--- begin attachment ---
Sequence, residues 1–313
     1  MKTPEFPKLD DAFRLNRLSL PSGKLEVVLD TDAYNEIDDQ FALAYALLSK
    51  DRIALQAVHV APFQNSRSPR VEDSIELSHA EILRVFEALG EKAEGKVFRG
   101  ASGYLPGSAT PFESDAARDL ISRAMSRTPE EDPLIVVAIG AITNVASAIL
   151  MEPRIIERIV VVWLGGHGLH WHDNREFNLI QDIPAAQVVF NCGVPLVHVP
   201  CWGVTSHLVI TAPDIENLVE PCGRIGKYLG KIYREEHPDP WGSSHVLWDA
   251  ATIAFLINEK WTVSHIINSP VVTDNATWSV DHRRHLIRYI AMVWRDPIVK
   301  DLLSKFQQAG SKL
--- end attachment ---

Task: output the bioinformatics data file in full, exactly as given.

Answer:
Sequence, residues 1–313
     1  MKTPEFPKLD DAFRLNRLSL PSGKLEVVLD TDAYNEIDDQ FALAYALLSK
    51  DRIALQAVHV APFQNSRSPR VEDSIELSHA EILRVFEALG EKAEGKVFRG
   101  ASGYLPGSAT PFESDAARDL ISRAMSRTPE EDPLIVVAIG AITNVASAIL
   151  MEPRIIERIV VVWLGGHGLH WHDNREFNLI QDIPAAQVVF NCGVPLVHVP
   201  CWGVTSHLVI TAPDIENLVE PCGRIGKYLG KIYREEHPDP WGSSHVLWDA
   251  ATIAFLINEK WTVSHIINSP VVTDNATWSV DHRRHLIRYI AMVWRDPIVK
   301  DLLSKFQQAG SKL